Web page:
retired electrician
retired electrician

In the Eugen/Springfield area in Oregon the industrial arts programs have been slowly eliminated to that point that the biggest school district in Lane County, 4J, has no industrial arts programs left. Most of the surrounding districts have limited or no industrial arts either. I am part of a trades academy program through IBEW Local 280 and and several other local unions trades who are concerned about the students in high schools. I have talked to many who have no idea what kind of employment is out there to make a good living at and they have never had any kind of hands on experience at any of the trades. I know that as a Union electrician that I made a considerable amount more yearly than students with a bachelors degree. Some that specialize and get their masters degree in that specialty sometimes make the equivalent of what a journeyman electrician makes. At this time with the amount earned on the check and the amount in benefits paid by the employer the 2000 hour year for an electrician earns him or her just under 108 thousand dollars. If we don't give our kids a chance to look at these programs many of them will fail in life because as has been said many are not meant for higher education. It is really hard to get the administrations of the districts in the Eugene/Springfield and Albany areas on board with our programs because of the Universities and Community Colleges in the two areas. Most administrators in education want the students to go on to higher education so the money stays in the school systems. I have had teachers tell me that the students should go to college and then after they get their higher or while they are getting their higher education decide on a career path to follow. I don't agree with this. Why would you send a student to spend thousands of dollars on an education that will serve them no good. The program that the unions in Oregon have and across the US is an apprenticeship and a earn while you learn program. When our apprentices get out of the program and pass the State Exam to get their electrical license they have no debt to pay back involving their schooling. I have to wonder where the teachers at Owatta Township High School hold the future of their students. I also have to wonder if the administration of the school district has gotten raises in salary. One teacher's salary and benefits and the materials and gear to run the class seem like a very small amount to pay if even one student per year were to go into the building trades. I am a retired Supervisory electrician and in the time I was running jobs for 40 years I also taught the apprenticeship program with CJATC in Tangent, I still teach and am planning to keep on teaching until my health no longer allows me to do so. I believe in the future of our children and am doing as much as possible to improve their prospects here in Oregon.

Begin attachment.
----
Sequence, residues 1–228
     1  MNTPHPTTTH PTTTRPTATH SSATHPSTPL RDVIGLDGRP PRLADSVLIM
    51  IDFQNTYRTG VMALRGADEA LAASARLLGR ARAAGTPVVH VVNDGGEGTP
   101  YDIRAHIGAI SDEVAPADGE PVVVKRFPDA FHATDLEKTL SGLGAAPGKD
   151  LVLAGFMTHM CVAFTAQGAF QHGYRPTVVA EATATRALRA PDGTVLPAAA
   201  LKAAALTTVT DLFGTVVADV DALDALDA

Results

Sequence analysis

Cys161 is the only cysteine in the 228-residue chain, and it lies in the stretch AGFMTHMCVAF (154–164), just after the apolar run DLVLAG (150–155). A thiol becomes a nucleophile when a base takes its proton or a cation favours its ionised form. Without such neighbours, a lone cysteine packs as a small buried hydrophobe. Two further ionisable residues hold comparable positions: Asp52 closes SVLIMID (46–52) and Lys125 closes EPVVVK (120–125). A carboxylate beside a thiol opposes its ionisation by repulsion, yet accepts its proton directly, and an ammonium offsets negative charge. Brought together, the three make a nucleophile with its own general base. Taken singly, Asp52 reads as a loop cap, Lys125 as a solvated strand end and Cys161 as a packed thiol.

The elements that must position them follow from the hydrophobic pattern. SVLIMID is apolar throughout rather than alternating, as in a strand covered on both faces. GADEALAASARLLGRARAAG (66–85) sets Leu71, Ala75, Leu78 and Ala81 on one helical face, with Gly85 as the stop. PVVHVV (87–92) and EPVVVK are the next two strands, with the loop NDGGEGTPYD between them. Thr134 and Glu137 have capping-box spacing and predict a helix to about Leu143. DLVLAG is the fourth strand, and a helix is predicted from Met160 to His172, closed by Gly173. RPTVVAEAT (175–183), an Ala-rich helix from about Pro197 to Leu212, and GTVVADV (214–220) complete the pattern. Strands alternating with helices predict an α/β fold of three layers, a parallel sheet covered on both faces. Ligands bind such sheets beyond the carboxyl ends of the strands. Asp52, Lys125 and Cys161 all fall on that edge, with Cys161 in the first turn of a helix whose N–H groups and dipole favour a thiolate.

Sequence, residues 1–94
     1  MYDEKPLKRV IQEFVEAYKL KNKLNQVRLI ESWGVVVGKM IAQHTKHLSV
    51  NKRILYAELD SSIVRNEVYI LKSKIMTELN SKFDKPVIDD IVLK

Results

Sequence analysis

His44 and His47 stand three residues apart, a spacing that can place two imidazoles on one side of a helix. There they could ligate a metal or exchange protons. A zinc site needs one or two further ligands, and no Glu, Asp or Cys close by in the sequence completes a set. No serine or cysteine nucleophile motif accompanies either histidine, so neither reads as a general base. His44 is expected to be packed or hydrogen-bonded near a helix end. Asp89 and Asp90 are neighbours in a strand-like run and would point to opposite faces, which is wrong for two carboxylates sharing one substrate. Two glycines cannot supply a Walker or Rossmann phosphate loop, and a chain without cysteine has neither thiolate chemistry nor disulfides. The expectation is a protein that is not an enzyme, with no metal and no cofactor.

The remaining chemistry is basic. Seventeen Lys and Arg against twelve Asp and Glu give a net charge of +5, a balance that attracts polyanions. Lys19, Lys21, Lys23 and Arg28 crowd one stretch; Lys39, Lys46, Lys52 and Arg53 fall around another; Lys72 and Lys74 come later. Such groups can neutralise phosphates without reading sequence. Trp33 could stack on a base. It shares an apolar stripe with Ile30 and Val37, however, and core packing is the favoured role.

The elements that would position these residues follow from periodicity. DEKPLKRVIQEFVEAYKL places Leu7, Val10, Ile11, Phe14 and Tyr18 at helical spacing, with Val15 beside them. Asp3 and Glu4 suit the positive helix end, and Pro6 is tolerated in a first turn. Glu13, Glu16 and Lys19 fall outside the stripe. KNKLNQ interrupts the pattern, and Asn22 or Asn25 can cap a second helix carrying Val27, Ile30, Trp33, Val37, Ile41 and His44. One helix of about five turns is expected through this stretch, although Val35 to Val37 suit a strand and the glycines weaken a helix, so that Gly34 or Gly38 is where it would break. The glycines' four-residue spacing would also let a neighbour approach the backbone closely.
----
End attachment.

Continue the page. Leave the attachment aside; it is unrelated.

Then why don't you fix the retirement system so the kids can learn you fat cats, setting up for the ballot to suck more money from everyone.


the 130 high school students all learned a bit of a lesson with this protest. first, they learned that protests after the fact aren't as fruitful as protesting during the decision process. secondly, they have learned that breaking the rules is not a constitutional right and resulted in suspensions for those who did not follow orders or policies in place.
if the unions are in support of student industrial arts programs, why isn't there a trade union based program in place for a job shadow opportunity, co-op programs or exposure to the trades for prospective in their areas of expertise?
stop the hypocrisy about the necessity for union trades, when the funding shortfalls in the school are directly related to the employee unions represented.


[sad] We have lived for nearly thirty years in a warm and friendly house that was built by the building trades program of Dakota High School in 1974. Numerous families in our school district have grown up in homes that the school built, and many of the students in the building trades program have gone on to very successful careers as professional tradesmen. I hope that Ottawa will reconsider this decision, and look at the tremendous benefits that such a program brings to a community.